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Re: Incisivosaurus gauthieri images

Rutger Jansma (fam.jansma@worldonline.nl) wrote:

<Has anyone noticed the similarities in the dentition between this new
genus and that of Protoarchaeopteryx with the LARGE premaxillary teeth?
Caudipteryx has large premax. teeth, which can be viewed as a possible
basal condition in the Oviraptorosaurs, but not to the extent seen in
Protoarchaeopteryx, so perhaps it is better to base the postcranium on the
latter genus. Are there actually differences between the two genera that
might or might not prove they are synonymous (for the record, I mean
Incisivosaurus and Protoarchaeopteryx)? One is based on a relatively good
skeleton with a poor skull and the other on a complete skull and poor
postcranial material... Just a thought.>

  Though the idea is intriguing, the premaxillary teeth are quite
effectively different, though the first crowns are largest. There are
reasons to consider *Incisivosaurus* Xu, Cheng, Wang & Chang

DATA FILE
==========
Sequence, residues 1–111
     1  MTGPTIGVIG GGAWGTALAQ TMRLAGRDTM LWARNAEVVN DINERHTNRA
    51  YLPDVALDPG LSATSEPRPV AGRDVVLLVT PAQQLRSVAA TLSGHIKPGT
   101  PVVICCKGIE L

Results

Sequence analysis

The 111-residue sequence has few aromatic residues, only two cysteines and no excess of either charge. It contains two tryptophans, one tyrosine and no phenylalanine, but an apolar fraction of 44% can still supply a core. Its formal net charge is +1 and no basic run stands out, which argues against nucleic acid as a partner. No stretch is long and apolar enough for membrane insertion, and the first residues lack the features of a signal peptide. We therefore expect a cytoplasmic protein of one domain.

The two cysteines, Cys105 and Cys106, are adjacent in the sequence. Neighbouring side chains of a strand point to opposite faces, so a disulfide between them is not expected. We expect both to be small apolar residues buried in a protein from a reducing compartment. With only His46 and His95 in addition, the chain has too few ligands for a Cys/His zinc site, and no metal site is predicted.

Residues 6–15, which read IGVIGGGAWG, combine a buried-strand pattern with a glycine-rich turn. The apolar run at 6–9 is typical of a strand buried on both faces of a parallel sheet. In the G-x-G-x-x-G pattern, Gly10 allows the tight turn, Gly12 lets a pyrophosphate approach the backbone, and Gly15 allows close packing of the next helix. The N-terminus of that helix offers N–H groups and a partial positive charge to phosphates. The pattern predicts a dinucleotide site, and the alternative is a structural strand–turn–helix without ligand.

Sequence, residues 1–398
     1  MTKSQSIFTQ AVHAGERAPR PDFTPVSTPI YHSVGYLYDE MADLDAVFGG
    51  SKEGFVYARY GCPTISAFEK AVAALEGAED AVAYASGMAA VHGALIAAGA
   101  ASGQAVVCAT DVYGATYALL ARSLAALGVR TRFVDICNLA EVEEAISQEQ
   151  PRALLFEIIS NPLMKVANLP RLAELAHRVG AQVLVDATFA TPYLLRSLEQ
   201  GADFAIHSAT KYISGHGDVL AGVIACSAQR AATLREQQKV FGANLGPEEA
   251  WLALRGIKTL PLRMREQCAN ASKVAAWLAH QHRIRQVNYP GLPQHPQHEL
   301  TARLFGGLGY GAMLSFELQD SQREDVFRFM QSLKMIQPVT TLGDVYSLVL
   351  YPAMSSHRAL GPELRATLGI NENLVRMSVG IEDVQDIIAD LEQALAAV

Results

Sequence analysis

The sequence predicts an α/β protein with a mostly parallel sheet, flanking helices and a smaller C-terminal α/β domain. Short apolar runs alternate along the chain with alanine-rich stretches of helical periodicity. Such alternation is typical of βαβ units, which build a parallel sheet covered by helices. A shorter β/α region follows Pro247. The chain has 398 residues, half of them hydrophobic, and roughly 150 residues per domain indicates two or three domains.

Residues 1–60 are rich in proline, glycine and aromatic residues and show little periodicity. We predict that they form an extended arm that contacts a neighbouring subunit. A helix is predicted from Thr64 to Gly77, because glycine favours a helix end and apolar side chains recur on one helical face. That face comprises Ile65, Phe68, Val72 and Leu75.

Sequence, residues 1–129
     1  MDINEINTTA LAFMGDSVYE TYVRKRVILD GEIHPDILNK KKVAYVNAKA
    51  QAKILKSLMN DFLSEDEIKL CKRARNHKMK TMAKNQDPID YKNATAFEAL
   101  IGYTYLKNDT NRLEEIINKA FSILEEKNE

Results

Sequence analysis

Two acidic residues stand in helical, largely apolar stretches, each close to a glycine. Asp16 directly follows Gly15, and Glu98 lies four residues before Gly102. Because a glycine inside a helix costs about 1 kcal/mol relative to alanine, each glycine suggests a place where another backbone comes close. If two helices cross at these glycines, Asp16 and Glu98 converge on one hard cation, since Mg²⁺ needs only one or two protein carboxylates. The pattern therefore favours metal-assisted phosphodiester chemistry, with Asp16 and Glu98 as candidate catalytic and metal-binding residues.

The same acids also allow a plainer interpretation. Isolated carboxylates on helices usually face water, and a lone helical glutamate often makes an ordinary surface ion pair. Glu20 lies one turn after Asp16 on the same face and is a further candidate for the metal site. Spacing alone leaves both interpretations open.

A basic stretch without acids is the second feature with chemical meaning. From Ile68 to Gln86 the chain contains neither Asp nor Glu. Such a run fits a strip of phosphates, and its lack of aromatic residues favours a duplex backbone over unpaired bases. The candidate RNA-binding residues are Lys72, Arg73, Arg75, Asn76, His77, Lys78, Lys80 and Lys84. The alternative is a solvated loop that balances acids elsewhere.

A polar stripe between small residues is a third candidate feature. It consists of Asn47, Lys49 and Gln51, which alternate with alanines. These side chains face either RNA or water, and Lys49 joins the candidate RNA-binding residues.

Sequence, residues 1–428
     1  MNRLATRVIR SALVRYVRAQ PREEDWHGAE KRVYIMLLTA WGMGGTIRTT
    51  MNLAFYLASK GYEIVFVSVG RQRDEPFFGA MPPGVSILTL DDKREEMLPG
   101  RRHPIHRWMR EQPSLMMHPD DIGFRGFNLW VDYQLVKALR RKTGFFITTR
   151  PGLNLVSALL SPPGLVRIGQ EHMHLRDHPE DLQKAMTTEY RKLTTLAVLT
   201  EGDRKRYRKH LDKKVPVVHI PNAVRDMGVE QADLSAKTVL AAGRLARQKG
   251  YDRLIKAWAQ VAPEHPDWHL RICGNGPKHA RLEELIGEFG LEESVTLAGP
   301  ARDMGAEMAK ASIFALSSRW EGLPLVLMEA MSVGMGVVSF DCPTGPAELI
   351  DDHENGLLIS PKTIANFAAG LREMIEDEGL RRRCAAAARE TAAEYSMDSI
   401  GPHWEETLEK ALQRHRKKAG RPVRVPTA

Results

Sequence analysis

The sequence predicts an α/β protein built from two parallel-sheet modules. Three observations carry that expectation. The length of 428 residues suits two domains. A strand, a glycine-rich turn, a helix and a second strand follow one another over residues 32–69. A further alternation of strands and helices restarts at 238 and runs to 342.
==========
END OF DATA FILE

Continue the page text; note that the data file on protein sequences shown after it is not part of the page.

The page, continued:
(2002)distinct from *Protarchaeopteryx* Ji & Ji (1997):
*Protarcharopteryx* has serrated crowns and a dentigerous symphysis of the
mandible, and a rostrocaudally/mesiodistally long premaxillary corpus. The
mesial premaxillary crowns are successively smaller distally in the
series, whereas in the new oviraptorosaur they are all uniform in length
except for the very first. You cannot determine wear facets in the teeth,
but their details are very clear and it is certain that the dentition
complex is quite unique for *Incisivosaurus*.


Jaime A. Headden

  Little steps are often the hardest to take.  We are too used to making leaps 
in the face of adversity, that a simple skip is so hard to do.  We should all 
learn to walk soft, walk small, see the world around us rather than zoom by it.

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